Matilda had regained her inheritance but no sooner was the prize in her hands than she proceeded to throw it away.

Declaring herself First Lady of the English she set off to London for her formal Coronation as Queen but as was traditional the worthy representatives of the good people of London had made a number of requests upon the largesse of their new Monarch, in particular the desire that she halve their taxes. Matilda dismissed their demands out-of-hand, ordered them from her presence, and refused to meet with them again.

On 24 June the people of London proceeded to lock the gates and bar her entry to the city.

A furious Matilda, who was in no mood for reconciliation, accused them of being traitors and threatened dire consequences but still they refused to admit her. Unable to force entry there was little she could do.

In a state of high dudgeon Matilda, declaring her subjects to be being unworthy of her travelled to Winchester where she had herself proclaimed Queen of England, though it was not a formal Coronation.

matilda court x

Matilda would not make the concessions required to secure the throne nor would she delegate power or listen to wise counsel. When her cousin the King of Scotland journeyed south to persuade her to soften her ways she raged against him, threatened violence, and had to be physically restrained. Likewise, when Stephen’s wife begged for his release on the promise that he would renounce his claim to the throne Matilda refused to countenance any such thing and after a harsh exchange of words had her removed from her presence.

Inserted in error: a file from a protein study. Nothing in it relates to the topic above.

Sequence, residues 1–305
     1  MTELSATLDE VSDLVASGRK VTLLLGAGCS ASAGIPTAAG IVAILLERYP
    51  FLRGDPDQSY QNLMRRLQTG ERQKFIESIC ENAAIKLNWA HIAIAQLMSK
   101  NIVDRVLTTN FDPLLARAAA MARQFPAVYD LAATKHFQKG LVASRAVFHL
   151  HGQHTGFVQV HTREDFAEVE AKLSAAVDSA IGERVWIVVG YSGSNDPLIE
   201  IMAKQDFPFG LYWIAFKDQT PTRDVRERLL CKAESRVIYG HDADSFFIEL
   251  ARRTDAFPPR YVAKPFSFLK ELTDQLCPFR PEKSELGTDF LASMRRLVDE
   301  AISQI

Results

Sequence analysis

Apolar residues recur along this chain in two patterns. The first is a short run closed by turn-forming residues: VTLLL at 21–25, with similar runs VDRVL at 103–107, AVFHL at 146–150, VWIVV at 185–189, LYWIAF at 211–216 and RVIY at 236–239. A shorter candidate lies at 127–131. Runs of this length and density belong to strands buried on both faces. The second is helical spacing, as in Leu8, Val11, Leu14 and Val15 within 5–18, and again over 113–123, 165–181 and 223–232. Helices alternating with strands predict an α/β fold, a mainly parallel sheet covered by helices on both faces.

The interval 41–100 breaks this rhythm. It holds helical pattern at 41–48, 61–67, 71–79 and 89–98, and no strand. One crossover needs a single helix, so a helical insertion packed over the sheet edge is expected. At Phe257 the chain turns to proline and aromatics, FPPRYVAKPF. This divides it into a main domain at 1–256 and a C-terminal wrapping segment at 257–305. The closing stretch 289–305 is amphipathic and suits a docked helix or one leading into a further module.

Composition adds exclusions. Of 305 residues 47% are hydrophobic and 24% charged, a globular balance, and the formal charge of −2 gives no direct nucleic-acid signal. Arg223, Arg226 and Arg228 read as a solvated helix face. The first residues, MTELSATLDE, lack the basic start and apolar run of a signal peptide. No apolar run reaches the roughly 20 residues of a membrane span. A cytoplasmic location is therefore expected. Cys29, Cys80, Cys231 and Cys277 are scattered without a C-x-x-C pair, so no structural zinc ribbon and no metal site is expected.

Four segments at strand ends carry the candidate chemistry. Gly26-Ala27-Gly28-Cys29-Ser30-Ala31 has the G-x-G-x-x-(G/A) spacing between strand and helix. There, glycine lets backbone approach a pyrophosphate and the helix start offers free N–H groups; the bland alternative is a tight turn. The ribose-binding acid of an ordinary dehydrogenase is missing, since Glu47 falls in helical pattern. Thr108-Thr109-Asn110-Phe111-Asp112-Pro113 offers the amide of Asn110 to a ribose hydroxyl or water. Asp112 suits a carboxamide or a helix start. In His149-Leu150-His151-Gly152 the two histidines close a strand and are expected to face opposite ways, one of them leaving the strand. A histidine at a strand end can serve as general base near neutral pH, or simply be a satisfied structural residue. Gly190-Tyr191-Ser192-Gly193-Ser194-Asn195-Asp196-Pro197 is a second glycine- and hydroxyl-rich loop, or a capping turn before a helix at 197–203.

Indeed, so unpopular did Matilda become that Stephen’s army continued to fight for him even though he remained in captivity.

Indeed, so unpopular did Matilda become that Stephen’s army continued to fight for him even though he remained in captivity.

In November 1141, Earl Robert of Gloucester, Matilda’s half-brother and the key to her military success was captured and to secure his release Matilda agreed in turn to release Stephen.

It was to prove a mistake.

Stephen with his army still intact very quickly regained the initiative and with her support diminishing all the time by the late winter of 1141, she was to find herself besieged in Oxford Castle where she was to prove herself to be nothing if not resourceful escaping by having herself lowered over the walls and fleeing across the frozen moat into the snow covered countryside dressed all in white to hide her from prying eyes.

Moving from village to village sometimes hidden in a makeshift coffin Matilda made her way to the West Country where her support remained strong once escaping capture in Devizes by having, herself disguised as a plague victim.
Her tribulations had in no way diminished her sense of self and she would fight on but she would never again come so close to the throne as she had in the spring of 1141 when she had been Queen in all but name.

By 1148, she had returned to Normandy leaving the campaign in the safe hands of her son Henry. When Stephen’s only son Eustace was killed in battle the already ailing King’s spirit was finally broken and in 1153 he signed the Treaty of Wallingford agreeing that Henry should succeed him upon his death.

Just over a year later in October 1154, Stephen died and Matilda’s son was crowned King Henry II ushering in the reign of the Plantagenets and the woman who could have been England’s first reigning Queen 400 years before Mary Tudor had at least secured the throne for her family and created a dynasty.

The Empress Matilda, as she demanded to be known, died at Notre Dame du Pre near Rouen on 10 September 1167, aged 65. Her tombstone reads:

“Here lies Henry’s daughter, great by birth, greater by marriage, greatest in her offspring.”

One can’t help but think she would have been disappointed.